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I’m just a cog in the wheel

WHITEMAN AIR FORCE BASE, Mo. -- I was talking with an Airman one day about how important his job was to the mission and for some reason, the Airman didn't feel the same way. The Airman said, "But chief, I'm just a little cog in a big wheel."

Have you ever said that before? For you non gear heads: here is the definition of a cog in context of gearing: A gear is a component within a transmission device that transmits rotational force to another gear or device. A gear is a round wheel, which has linkages ("teeth" or "cogs") that mesh with other gear teeth, allowing force to be fully transferred without slippage.

I have worked on farm equipment and spent the entire day fixing a hay bailer only to discover that the problem was one broken cog off a small gear.

When you spend a hot day under a bailer and find the problem that cost you an entire day of bailing was a broken cog you appreciate the enormous importance of that single cog - and it gives new meaning to the comment the Airman made. One single cog makes all the difference.

Every person on Whiteman, whether active duty, government civilian, contractor or dependent is a cog on a gear, and each cog is vital to that gear.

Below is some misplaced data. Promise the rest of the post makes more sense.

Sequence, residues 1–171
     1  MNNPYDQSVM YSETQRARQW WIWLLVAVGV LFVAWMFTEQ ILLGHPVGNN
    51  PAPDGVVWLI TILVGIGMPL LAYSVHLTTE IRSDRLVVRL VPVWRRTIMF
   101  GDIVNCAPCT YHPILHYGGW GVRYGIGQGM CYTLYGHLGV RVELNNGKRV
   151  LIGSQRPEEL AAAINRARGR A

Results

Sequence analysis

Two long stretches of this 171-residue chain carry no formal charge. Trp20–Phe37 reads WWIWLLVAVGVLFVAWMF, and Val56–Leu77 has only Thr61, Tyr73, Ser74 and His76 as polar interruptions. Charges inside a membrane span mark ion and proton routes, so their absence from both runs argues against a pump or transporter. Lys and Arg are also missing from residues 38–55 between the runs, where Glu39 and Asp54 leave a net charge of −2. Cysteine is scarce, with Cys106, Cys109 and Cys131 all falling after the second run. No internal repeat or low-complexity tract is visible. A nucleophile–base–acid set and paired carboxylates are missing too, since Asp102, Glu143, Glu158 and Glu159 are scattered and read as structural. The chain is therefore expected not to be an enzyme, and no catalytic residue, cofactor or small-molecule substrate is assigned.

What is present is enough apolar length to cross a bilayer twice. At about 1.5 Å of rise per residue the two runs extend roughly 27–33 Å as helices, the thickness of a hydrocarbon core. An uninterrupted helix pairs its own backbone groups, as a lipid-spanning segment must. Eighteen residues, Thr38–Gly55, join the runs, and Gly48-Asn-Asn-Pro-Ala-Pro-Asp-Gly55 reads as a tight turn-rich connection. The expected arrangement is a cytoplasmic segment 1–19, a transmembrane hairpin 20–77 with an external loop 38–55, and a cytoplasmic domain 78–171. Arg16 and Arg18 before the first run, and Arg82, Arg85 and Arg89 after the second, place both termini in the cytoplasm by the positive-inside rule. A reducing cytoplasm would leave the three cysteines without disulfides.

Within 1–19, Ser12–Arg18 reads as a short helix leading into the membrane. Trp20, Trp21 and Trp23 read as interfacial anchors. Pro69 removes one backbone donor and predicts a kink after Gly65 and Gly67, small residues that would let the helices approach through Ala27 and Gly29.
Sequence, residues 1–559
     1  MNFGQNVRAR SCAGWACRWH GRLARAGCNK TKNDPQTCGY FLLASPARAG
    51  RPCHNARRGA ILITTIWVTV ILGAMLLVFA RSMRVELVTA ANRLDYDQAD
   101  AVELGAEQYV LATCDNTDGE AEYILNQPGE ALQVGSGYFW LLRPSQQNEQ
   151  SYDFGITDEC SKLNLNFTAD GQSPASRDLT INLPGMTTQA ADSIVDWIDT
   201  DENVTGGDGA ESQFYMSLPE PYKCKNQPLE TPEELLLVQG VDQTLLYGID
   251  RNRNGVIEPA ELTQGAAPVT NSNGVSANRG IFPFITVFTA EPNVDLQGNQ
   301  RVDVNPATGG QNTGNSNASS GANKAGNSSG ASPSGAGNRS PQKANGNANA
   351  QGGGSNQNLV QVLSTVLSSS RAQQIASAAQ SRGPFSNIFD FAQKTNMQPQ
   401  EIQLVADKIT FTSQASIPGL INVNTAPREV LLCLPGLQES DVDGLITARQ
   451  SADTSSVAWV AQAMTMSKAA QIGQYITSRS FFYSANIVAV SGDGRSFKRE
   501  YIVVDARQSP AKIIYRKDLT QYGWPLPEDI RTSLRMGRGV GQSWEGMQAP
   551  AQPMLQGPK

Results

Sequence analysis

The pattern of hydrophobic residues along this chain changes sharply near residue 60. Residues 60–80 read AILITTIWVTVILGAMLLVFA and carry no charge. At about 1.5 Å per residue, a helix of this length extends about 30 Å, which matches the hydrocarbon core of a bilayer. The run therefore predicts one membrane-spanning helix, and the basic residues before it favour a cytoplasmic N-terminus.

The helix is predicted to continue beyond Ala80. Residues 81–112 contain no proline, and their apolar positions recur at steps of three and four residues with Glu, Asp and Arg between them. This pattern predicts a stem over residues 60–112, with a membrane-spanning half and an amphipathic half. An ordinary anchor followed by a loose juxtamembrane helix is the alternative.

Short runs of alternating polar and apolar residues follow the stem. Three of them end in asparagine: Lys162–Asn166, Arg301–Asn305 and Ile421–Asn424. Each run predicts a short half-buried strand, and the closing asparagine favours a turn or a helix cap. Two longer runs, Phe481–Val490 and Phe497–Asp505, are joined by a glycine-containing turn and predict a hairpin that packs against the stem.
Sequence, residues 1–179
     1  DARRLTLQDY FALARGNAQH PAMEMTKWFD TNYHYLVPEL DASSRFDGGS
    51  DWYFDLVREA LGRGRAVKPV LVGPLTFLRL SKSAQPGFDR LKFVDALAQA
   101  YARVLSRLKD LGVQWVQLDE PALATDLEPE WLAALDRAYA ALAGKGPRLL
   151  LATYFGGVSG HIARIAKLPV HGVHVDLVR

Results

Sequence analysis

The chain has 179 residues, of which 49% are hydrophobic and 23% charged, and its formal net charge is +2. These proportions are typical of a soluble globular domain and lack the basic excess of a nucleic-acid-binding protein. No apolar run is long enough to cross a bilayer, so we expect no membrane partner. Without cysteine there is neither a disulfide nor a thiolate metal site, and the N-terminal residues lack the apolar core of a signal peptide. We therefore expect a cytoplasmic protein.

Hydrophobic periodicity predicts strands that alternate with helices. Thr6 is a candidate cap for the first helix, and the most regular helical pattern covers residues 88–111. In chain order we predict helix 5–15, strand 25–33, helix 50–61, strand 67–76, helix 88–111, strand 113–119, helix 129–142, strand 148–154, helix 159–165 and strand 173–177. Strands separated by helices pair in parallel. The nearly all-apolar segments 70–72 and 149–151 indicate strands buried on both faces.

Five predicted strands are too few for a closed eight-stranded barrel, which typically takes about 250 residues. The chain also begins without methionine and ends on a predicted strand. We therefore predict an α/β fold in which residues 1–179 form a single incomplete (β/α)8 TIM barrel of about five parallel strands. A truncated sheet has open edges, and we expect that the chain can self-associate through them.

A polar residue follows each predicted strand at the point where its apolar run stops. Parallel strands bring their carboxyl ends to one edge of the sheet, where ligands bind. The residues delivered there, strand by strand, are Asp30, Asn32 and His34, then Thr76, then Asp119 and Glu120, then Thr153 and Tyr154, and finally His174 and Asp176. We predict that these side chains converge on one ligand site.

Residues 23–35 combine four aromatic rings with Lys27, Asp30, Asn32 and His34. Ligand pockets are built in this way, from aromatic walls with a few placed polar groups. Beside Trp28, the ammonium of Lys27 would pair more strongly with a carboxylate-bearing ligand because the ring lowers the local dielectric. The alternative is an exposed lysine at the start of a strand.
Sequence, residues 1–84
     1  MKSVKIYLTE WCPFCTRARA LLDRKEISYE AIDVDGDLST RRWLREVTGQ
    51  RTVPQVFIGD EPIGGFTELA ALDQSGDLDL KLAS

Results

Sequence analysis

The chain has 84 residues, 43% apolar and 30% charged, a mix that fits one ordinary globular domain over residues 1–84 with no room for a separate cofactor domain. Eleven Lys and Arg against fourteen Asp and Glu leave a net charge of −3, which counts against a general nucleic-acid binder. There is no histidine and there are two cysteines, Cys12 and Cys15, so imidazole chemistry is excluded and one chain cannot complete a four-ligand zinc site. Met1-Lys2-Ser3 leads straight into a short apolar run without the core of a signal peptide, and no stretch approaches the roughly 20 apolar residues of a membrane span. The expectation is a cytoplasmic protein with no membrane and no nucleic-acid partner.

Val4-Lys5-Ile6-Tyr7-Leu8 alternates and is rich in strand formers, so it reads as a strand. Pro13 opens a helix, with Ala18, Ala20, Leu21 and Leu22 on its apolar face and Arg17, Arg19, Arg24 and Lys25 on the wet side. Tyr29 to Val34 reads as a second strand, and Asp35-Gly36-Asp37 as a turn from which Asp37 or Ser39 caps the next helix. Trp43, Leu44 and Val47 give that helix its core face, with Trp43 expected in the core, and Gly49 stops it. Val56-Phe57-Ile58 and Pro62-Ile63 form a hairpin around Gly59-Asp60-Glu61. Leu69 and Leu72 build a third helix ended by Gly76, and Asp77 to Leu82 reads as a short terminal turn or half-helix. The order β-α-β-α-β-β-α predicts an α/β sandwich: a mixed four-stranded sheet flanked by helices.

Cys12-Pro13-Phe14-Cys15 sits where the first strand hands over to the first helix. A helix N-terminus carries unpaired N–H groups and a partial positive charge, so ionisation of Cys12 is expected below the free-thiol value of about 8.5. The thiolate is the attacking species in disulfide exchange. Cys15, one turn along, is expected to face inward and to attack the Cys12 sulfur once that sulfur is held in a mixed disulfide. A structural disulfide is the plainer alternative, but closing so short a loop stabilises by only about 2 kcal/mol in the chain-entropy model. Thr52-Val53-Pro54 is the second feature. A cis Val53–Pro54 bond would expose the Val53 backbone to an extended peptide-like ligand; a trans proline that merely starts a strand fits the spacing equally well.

When the gears represented by our squadrons and tenant organizations are working in unison then, and only then, does power transfer take place and that power is realized every time the B-2 bomber lifts into the air.

So the next time you're fixing that broken sewer line or standing the post, sorting mobility-bags, cleaning teeth, doing mission planning, fueling jets and a hundred other jobs - remember this: You made it happen.

I hope you feel like a small cog in a big wheel, because then you understand the importance of what you do for our nation.

I like the 509th Maintenance Group chant at all the functions, it demonstrates their hard work and spirit -- it goes like this: "If it's in the air, maintenance put it there."

The reality however, is this: If it's in the air -- YOU put it there.